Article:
Representing Nature and Contemporary Democracy

in Democratic Theory
View More View Less
  • 1 University of Melbourne r.eckersley@unimelb.edu.au
  • 2 University of Canberra Jean-Paul.Gagnon@canberra.edu.au
Restricted access

Modern environmentalism, whose genesis tracks mainly from the 1960s and Rachel Carson’s Silent Spring (1962), has forced the anthropocentric emphasis of democracy to account. Nonhuman actors like trees, ecological systems, and the climate have increasingly become anthropomorphized by humans representing these actors in politics. Aside from challenges to the anthropocentric concepts of citizenship, political representation, agency, and boundaries in democratic theory, environmentalism has warned of apocalyptic crises. This drives a different kind of challenge to mainly liberal democracies. Scientists and activists are becoming increasingly fed up with the seeming incompetence, slowness, and idiocy of politicians, interest groups, and electors. Eyes start to wander to that clean, well-kempt, and fast-acting gentleman called authoritarianism. The perfect shallowness of his appearance mesmerizes like a medusa those that would usually avoid him. Serfdom increasingly looks like a palpable trade-off to keep the “green” apocalypses at bay. Democracy’s only answer to this challenge is to evolve into a cleverer version of itself.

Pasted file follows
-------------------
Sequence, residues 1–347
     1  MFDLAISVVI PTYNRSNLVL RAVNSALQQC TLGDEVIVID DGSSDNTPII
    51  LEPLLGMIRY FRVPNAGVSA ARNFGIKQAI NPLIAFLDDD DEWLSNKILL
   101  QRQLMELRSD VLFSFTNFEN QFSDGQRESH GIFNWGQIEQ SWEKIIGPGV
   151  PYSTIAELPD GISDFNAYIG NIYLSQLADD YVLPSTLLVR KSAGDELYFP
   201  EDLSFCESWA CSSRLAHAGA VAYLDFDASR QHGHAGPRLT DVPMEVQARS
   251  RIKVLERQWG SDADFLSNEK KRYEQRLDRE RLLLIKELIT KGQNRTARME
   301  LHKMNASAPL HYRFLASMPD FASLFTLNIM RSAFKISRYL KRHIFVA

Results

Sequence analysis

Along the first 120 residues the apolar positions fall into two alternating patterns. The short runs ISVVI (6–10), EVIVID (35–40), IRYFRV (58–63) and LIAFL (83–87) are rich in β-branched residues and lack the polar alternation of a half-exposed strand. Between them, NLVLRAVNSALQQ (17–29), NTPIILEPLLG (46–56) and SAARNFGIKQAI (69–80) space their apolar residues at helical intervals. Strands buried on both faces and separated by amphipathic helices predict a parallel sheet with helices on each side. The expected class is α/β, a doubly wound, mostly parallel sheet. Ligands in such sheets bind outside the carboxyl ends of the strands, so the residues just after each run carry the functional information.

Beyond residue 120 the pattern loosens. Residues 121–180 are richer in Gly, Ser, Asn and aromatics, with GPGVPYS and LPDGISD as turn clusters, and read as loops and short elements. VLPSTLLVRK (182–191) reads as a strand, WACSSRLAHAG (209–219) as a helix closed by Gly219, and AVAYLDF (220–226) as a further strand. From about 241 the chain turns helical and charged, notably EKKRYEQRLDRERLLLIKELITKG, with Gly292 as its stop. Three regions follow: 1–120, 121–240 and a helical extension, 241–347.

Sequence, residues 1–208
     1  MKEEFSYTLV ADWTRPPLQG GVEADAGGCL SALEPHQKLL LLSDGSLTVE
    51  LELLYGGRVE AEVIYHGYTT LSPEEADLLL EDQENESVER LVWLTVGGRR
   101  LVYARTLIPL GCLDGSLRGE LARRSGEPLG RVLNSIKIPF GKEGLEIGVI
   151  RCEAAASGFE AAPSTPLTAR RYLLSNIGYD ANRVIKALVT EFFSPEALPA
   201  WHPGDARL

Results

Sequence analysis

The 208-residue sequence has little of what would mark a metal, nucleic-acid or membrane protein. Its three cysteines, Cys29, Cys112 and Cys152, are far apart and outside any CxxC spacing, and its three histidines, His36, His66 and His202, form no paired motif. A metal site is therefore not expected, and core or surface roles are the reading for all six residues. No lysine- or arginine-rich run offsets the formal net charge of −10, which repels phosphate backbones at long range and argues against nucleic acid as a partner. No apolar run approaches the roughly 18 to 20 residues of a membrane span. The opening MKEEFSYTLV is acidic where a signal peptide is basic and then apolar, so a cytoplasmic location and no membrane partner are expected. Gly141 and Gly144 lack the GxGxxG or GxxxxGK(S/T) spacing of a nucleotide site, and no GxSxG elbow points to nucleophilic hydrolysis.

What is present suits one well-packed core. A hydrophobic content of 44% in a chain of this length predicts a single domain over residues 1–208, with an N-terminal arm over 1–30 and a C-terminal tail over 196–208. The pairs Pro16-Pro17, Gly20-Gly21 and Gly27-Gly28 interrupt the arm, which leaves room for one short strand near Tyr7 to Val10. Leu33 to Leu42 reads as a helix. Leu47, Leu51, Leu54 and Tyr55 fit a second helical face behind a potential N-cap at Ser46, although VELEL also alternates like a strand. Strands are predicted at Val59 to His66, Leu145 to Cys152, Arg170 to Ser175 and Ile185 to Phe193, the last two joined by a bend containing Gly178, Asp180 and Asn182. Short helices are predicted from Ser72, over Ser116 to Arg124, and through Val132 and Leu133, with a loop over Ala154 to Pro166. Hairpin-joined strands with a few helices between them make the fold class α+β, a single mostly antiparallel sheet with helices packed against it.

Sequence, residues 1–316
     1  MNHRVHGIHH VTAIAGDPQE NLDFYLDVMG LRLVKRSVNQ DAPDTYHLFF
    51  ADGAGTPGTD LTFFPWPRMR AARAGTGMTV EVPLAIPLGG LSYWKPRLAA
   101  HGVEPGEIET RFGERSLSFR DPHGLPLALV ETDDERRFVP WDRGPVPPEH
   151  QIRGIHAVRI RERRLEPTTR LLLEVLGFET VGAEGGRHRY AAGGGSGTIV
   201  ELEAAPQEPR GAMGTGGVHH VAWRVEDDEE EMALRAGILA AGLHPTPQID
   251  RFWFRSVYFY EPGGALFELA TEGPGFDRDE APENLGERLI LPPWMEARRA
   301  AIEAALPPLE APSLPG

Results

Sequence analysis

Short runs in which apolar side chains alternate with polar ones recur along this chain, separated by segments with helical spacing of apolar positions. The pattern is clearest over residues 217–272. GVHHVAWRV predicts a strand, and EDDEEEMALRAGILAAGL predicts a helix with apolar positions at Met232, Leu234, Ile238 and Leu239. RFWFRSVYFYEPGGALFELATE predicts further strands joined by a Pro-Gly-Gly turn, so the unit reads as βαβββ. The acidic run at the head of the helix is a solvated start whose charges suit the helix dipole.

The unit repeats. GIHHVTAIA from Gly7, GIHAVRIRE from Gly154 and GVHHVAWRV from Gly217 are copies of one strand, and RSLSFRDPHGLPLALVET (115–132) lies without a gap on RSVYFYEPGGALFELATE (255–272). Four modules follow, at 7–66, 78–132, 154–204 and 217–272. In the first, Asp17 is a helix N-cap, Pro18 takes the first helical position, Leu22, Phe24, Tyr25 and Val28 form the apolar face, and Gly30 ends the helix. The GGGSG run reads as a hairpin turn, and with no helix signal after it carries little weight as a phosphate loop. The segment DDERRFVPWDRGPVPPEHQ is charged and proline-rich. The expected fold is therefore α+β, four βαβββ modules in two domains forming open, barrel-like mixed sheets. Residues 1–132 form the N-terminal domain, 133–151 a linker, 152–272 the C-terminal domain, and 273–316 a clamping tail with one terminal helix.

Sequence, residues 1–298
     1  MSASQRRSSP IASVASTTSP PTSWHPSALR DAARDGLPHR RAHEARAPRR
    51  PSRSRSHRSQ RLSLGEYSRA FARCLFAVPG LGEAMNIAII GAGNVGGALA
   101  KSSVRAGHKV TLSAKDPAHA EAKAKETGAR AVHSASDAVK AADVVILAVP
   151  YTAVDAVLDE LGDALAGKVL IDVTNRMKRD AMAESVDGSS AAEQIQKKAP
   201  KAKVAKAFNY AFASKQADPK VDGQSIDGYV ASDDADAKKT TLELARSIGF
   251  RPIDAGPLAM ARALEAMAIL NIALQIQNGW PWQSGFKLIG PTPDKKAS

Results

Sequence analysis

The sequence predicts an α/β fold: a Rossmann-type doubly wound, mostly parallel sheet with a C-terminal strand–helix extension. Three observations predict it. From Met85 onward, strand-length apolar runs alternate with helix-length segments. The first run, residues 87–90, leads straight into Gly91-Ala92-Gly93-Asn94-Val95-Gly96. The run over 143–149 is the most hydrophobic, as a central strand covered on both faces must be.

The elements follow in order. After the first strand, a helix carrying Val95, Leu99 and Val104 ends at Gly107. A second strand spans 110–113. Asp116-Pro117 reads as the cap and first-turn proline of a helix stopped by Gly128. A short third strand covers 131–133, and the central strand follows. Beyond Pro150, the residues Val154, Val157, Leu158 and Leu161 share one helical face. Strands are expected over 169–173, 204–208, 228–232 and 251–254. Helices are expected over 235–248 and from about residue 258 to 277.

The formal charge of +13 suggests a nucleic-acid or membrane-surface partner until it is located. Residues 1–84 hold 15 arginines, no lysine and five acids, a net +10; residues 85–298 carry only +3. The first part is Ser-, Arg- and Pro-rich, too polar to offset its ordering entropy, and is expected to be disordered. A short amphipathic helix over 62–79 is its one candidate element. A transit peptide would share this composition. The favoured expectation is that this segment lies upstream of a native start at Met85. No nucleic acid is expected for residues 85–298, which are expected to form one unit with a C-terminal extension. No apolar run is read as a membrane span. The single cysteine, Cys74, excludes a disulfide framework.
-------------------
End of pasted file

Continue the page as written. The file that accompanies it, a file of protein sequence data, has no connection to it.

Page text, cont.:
Democratic Theory

An Interdisciplinary Journal

Metrics

All Time Past Year Past 30 Days
Abstract Views 15 15 4
Full Text Views 3 3 1
PDF Downloads 6 6 1